On an anecdotal note, just had a call from family friends 10 minutes ago

They are renting from a BTL and have just found out their rental ‘home’ is just about to be repo’d

They have no rights and will have to move

They are in their twenties, both had decent managerial jobs, but because his wife quit work to have a baby they couldn’t afford to buy their own home (in Surrey)

His landlord has several BTL’s and if one is being repo’d,it doesn’t bode well for his property portfolio

Hopefully the end result will be more of these ‘landlords’ go bust pushing down the prices a bit quicker then last time

Short term there will be some innocent victims, like our friends, but in the long term if it results in them being able to buy their own home and raise a family, its worth it

Lastly what’s the cause of their misfortune?

a) They didn’t buy a home when they could have afforded it (aged 23 and only together for a few months)

B) They are now 27 and they decided to have a baby – should have bought a BTL instead!

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Both the same thing?, maybe frequency decreasing and amplitude increasing

Set me straight digger. The frequency is the horizontal and the amplitude vertical right?

What I mean is we seem to be going from small waves to bigger waves.

Edited by bandylegs

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Set me straight digger. The frequency (or wavelength) is the horizontal and the amplitude vertical right?

What I mean is we seem to be going from small waves to bigger waves.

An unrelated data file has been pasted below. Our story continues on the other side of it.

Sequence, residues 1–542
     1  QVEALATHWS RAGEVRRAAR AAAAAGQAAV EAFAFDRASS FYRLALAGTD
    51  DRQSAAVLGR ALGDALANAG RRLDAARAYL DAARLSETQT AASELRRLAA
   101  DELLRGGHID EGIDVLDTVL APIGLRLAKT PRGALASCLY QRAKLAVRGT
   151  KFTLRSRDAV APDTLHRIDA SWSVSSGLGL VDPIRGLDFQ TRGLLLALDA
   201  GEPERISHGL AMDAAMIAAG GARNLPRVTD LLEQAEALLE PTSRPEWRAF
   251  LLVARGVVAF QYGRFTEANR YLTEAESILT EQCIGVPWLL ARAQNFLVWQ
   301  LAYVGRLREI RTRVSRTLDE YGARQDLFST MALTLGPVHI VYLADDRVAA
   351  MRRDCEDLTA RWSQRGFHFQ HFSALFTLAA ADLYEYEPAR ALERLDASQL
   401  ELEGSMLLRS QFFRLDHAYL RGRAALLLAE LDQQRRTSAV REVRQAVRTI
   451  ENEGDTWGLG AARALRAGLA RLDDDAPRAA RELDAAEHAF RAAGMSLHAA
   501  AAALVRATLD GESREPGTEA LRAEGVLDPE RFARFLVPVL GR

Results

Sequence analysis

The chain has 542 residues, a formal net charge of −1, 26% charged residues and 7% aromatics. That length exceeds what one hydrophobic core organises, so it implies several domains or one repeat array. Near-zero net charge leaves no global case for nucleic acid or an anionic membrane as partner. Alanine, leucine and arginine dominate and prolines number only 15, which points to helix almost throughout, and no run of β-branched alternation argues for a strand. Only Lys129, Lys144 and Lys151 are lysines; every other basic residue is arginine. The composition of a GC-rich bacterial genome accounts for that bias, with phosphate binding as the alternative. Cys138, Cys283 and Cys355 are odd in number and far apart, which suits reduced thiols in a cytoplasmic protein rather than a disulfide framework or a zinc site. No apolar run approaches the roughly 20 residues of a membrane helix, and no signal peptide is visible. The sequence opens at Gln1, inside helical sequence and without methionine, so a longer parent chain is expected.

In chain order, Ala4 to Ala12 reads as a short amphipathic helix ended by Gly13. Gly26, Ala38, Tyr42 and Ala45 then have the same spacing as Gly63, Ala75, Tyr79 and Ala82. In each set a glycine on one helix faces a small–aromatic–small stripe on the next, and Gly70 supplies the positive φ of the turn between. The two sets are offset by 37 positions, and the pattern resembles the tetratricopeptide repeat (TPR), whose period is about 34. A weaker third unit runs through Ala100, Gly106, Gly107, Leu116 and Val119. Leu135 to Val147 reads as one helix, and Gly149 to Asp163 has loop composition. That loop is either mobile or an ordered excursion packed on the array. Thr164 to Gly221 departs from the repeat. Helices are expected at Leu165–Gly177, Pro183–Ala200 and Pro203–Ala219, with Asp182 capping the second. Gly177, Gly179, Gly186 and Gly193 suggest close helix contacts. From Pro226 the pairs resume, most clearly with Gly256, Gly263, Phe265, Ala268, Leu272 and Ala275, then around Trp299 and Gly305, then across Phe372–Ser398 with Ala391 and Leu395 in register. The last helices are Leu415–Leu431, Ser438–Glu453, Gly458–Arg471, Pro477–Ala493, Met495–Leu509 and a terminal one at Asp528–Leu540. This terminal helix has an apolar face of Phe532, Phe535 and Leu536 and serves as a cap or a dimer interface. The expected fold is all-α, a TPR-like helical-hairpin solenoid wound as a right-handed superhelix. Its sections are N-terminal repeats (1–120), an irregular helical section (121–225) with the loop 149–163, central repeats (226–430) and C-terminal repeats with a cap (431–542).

Yep that's right.

I agree with you.

We will have to see how it all pans out over the next couple of years, no rush (although in the beginning I hoped it would move faster). :mellow:

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The people on here are potential home owners who dont blow there cash and work, thats the reason there on here.10 years ago doing the same job they do now they wouldnt have needed to come here at all, they would have gone down to the estate agents instead.

so no wonder their/we/me are a bit pissed off with it all and clutching at anything at all, and i find it real bad to have assholes like ttrtr come here and laugh in the face of our prediciment.

the bad luck of timing is the sad fact for us, we dont need people that had the good luck of timing to rub it in.

sad jerks every one, i hope they all go tits up

Edited by homeless

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so no wonder their/we/me are a bit pissed off with it all and clutching at anything at all, and i find it real bad to have assholes like ttrtr come here and laugh in the face of our prediciment.

the bad luck of timing is the sad fact for us, we dont need people that had the good luck of timing to rub it in.

sad jerks every one, i hope they all go tits up

I understand your point of view (It used to get me down as we wanted to trade up but I did not think the difference in price was worth it even though we can afford it and choose not to be ripped off).

I found this site after coming to the conclusion that the housing madness could not continue forever.

I have learnt allot from reading this site, there are many intelligent people that post on here, I have even made some money from some of the advice on here (I would not have considered gold or mining shares if it were not for DrBubb, bought in early last year).

But as you point out it is all about timing, I am sure that this will be in our favour again and due to the good financial advice to be had here then it should be possible to be in a very favourable position to take advantage of it.

Don't let them wind you up; their downfall will come in due coarse.

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  • 301 Brexit, House prices and Summer 2020

    1. 1. Including the effects Brexit, where do you think average UK house prices will be relative to now in June 2020?


      • down 5% +
      • down 2.5%
      • Even
      • up 2.5%
      • up 5%